Ambassador Linda Thomas-Greenfield calls Mandela Washington Fellows “Africa’s future”

Linda Thomas-Greenfield, who has served as assistant secretary of state for Africa and ambassador to Liberia, knows that Africa faces challenges. Yet while conflict, terrorism, poverty and diseases are real issues facing Africa, she sees that there is far more that defines the continent.

“The Africa I know and have come to believe in is a continent of vast opportunity and amazing promise,” said Thomas-Greenfield, who received an M.A. in political science from the university. “It is a continent with tremendous natural and human resources and a rapidly expanding middle class. It is the next frontier for global opportunities, and it is a continent that has shown amazing progress given the challenges it has faced.”

Linda Thomas-Greenfield and Mandela Washington Fellows
Linda Thomas-Greenfield, who served as assistant secretary of state for Africa and ambassador to Liberia, meets with the 2017 Mandela Washington Fellows. Thomas-Greenfield is an alumna of the University of Wisconsin-Madison.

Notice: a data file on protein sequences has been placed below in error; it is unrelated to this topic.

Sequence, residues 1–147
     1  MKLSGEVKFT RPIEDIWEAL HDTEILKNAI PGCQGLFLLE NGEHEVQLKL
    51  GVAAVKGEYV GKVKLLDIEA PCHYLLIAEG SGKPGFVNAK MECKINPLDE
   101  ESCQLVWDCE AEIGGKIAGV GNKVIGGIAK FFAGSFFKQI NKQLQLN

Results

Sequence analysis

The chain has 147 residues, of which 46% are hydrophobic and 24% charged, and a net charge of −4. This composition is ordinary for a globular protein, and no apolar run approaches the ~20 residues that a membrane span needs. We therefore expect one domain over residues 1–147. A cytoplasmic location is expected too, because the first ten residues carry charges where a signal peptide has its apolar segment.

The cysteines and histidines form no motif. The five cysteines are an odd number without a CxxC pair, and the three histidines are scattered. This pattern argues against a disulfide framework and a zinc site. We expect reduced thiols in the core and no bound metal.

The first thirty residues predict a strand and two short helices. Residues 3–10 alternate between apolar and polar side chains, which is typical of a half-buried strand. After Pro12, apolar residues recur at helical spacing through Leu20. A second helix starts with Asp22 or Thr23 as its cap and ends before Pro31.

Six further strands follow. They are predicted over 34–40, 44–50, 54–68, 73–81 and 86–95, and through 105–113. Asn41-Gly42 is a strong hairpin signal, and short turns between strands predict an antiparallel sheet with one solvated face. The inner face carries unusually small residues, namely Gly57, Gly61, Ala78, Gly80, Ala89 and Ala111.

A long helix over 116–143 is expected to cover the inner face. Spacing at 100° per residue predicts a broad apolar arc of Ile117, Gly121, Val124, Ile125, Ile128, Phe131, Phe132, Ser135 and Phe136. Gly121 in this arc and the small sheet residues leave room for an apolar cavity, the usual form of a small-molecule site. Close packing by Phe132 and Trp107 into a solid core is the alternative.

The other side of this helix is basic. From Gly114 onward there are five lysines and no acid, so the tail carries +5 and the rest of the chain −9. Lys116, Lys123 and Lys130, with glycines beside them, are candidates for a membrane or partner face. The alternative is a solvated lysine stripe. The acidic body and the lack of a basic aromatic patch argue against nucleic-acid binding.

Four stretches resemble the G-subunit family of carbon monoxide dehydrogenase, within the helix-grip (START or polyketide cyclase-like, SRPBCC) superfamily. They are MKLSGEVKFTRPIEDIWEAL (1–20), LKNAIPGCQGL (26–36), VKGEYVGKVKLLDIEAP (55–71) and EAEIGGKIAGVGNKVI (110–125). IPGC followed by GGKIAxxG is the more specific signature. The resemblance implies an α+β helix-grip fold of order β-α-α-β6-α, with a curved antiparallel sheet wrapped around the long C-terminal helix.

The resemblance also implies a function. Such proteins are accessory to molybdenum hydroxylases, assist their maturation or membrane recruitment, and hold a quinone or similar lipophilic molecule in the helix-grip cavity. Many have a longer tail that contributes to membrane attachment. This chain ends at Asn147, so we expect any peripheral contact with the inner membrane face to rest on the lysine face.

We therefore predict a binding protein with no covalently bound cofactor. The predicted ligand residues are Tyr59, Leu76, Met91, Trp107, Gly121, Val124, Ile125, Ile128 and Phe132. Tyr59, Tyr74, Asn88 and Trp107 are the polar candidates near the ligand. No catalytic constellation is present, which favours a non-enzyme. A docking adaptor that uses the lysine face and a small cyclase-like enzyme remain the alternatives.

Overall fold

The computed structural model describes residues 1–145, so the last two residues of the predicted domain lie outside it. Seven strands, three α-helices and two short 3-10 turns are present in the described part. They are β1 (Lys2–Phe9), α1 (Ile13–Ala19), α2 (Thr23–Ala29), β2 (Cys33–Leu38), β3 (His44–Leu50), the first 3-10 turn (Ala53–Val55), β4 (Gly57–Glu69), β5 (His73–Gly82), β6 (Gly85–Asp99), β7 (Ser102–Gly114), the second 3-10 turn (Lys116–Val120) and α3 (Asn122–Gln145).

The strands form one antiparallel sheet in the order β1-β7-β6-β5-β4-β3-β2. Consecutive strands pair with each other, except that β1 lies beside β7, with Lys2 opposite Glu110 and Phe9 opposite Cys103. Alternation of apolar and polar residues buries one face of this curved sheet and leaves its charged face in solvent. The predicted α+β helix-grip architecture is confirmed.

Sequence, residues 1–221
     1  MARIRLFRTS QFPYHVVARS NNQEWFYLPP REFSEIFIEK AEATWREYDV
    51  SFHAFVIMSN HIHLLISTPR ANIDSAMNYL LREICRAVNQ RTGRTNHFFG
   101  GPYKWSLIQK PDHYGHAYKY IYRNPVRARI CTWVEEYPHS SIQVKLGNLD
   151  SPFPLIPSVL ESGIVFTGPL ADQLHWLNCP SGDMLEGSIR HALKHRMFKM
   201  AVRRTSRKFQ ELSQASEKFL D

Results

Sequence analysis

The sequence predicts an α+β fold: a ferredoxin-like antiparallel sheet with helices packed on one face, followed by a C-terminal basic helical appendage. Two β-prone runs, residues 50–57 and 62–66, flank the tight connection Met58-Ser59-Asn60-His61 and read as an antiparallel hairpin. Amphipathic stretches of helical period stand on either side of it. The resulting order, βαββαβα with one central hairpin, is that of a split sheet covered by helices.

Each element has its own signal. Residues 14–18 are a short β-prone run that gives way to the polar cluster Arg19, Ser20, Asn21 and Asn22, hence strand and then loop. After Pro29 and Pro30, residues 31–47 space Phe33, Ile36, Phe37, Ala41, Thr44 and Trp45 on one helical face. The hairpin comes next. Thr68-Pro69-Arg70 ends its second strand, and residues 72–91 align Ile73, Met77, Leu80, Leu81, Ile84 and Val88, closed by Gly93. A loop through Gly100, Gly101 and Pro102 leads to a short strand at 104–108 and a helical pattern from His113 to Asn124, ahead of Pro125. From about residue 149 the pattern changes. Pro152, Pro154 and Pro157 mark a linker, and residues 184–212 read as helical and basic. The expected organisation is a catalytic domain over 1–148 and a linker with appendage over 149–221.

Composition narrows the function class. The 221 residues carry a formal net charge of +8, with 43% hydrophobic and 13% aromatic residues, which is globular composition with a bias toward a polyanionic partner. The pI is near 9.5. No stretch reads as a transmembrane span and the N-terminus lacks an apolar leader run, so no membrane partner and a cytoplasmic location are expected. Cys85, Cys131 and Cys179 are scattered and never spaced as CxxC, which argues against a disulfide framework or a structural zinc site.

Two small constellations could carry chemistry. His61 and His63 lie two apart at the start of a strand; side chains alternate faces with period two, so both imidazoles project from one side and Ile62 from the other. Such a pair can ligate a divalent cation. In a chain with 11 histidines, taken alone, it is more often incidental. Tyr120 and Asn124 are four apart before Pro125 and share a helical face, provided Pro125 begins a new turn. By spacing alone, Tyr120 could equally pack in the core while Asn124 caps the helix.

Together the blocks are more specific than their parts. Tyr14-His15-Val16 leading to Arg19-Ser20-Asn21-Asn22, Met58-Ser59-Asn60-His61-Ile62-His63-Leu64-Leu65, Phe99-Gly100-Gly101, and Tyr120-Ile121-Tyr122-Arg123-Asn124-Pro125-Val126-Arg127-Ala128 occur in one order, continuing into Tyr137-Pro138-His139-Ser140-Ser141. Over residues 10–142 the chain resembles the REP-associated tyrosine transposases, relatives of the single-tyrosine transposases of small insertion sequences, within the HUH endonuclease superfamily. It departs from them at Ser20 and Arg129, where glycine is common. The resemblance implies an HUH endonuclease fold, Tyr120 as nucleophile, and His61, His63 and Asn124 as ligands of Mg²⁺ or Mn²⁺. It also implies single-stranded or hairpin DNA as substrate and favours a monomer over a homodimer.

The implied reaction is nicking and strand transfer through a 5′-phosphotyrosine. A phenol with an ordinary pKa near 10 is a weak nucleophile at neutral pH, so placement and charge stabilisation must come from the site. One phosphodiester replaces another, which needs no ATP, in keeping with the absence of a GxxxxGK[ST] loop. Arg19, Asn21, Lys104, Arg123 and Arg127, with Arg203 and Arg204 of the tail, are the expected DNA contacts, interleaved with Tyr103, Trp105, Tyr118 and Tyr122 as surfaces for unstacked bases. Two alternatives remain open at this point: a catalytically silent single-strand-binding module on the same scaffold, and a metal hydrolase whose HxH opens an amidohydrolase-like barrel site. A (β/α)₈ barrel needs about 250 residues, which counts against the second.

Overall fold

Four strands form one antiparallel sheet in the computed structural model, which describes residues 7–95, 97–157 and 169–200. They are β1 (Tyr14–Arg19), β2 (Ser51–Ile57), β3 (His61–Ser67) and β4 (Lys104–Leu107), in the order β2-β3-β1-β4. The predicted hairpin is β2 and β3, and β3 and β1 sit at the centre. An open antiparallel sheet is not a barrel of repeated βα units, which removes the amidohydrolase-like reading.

Thomas-Greenfield visited the University of Wisconsin–Madison on June 26 and 27 to meet with participants in the Mandela Washington Fellowship program. During the visit, the ambassador presented “Africa Matters: A Discussion of U.S.-Africa Relations” to the Mandela Washington Fellows, as well as UW–Madison students, faculty, and alumni.

Key issues she discussed include how Africa can address and serve its youth population, how job and investment opportunities in Africa can be created, how the U.S. can best partner with Africa to counter terrorism and conflict and where Africa will be in the next 10 years on the world stage.

“The truth is we cannot beat today’s global challenges without Africa,” Thomas-Greenfield said. “When one thinks about ending poverty, fighting extremism and terrorism, and boosting economic growth, Africa is a central part of those efforts.”

Even with the challenges facing the continent and world, Thomas-Greenfield expressed optimism for Africa’s youth, particularly for the Mandela Washington Fellows.

“Your talent, drive and dedication will change your countries for the better,” said Thomas-Greenfield, addressing the fellows and the audience. “I put a burden on their shoulders that they are Africa’s future. We will be depending on them to find the answers.”

This year’s cohort of Mandela Washington Fellows includes 25 young African leaders who are visiting UW–Madison for six weeks this summer. The fellows, who are between the ages of 25 and 35, are inspirational young leaders and change makers representing 20 African countries and diverse professional fields, including healthcare, law, journalism, social services, human rights and public administration. The Mandela Washington Fellows at UW–Madison are among 1,000 fellows coming to institutions across the United States. The African Studies Program is coordinating the fellows program at UW–Madison.